Effective? Engaging? Secure? Applying the ORCHA-24 framework to evaluate apps for chronic insomnia disorder
Published in: BMJ Evidence-based mental health
Mobile health offers many opportunities; however, the ‘side-effects’ of health apps are often unclear. With no guarantee health apps first do no harm, their role as a viable, safe and effective therapeutic option is limited.
In this study we assessed the quality of apps for chronic insomnia disorder, available on the Android Google Play Store, and determine whether a novel approach to app assessment could identify high-quality and low-risk health apps in the absence of indicators such as National Health Service (NHS) approval.
In order to do this we used a subset of 24 questions from the Organisation for the Review of Care and Health Applications OBR, concerning data privacy, clinical efficacy and user experience, answered on a ‘yes’ or ‘no’ and evidence-driven basis, and applied this to 18 insomnia apps identified via the Android Google Play Store, in addition to the NHS-approved iOS app Sleepio.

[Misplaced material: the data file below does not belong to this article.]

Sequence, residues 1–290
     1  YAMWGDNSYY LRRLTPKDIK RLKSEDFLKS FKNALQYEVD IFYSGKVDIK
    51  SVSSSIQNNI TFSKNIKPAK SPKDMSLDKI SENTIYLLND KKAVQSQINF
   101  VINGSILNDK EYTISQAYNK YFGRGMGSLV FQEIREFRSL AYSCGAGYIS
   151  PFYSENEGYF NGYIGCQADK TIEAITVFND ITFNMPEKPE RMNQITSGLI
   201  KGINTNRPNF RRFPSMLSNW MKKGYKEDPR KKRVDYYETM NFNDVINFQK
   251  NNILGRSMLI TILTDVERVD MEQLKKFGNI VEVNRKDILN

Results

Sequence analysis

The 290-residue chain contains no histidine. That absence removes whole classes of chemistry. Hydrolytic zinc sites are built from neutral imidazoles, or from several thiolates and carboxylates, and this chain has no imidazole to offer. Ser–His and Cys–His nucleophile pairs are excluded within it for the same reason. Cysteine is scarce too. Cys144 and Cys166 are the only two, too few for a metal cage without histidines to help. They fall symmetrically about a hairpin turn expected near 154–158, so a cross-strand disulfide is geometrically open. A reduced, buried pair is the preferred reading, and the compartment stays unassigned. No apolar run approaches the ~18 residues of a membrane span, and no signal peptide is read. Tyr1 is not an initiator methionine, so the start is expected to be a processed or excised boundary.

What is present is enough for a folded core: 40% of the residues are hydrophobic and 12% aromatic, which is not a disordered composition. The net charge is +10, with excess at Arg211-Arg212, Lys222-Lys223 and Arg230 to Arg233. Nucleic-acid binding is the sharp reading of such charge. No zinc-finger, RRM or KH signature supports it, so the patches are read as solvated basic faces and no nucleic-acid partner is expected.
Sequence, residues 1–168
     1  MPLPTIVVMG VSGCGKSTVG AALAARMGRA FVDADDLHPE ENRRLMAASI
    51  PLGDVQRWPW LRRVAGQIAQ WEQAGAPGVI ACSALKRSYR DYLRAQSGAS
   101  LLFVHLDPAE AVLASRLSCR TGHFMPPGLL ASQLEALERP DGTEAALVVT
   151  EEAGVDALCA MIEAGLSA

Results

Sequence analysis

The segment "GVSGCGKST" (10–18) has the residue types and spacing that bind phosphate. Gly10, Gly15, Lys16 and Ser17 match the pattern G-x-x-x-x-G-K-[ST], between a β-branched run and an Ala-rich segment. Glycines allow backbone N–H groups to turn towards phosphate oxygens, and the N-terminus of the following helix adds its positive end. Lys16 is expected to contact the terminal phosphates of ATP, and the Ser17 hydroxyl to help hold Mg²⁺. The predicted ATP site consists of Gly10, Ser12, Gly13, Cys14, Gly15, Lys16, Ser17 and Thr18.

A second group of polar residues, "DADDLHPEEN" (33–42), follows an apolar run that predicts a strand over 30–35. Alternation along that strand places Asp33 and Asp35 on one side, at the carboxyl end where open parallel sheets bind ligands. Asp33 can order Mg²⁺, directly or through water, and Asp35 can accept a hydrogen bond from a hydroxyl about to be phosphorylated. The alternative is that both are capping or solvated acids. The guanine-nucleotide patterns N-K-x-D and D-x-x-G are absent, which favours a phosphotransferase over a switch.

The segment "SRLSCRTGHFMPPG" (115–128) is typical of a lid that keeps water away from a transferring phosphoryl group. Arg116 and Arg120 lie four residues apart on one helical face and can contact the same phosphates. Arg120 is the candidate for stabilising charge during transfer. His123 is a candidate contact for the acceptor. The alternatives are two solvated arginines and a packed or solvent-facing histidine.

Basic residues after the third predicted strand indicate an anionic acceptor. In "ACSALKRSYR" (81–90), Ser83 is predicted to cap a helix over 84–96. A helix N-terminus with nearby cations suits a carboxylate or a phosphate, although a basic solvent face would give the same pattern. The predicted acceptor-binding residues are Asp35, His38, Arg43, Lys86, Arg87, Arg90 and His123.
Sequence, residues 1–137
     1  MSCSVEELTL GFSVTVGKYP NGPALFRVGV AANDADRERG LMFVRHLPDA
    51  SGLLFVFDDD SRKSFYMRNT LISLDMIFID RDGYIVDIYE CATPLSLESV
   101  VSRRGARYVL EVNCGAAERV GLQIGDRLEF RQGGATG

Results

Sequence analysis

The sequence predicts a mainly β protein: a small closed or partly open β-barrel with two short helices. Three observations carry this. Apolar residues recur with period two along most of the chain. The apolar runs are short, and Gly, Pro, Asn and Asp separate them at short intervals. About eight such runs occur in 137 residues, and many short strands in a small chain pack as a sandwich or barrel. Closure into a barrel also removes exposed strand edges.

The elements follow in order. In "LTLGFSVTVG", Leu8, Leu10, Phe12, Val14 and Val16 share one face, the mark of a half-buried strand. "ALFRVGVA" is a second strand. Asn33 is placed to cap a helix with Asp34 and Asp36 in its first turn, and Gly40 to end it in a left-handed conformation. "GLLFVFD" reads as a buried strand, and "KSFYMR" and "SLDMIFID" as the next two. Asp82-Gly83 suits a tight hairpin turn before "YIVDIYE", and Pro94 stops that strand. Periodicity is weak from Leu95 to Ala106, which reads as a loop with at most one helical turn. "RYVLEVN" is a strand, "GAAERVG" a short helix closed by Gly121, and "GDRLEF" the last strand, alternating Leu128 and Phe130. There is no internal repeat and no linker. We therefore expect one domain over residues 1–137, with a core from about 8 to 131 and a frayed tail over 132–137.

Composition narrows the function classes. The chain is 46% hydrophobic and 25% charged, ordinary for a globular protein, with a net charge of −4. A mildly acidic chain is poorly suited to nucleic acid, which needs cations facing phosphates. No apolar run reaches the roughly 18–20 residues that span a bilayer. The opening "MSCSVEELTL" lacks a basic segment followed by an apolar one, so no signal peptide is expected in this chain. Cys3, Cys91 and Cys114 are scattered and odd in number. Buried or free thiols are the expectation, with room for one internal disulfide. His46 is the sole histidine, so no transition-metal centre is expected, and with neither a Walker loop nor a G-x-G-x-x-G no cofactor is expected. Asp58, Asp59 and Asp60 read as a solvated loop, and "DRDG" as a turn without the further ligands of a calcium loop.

Apps for chronic insomnia disorder exhibit substantial variation in adherence to published data privacy, user experience and clinical efficacy standards, which are not clearly correlated with app downloads or user-review scores. In the absence of formal app accreditation, the ORCHA-24 could feasibly be used to highlight the risk–benefit profiles of health apps prior to downloading.
Read the full research piece here: https://ebmh.bmj.com/content/20/4/e20
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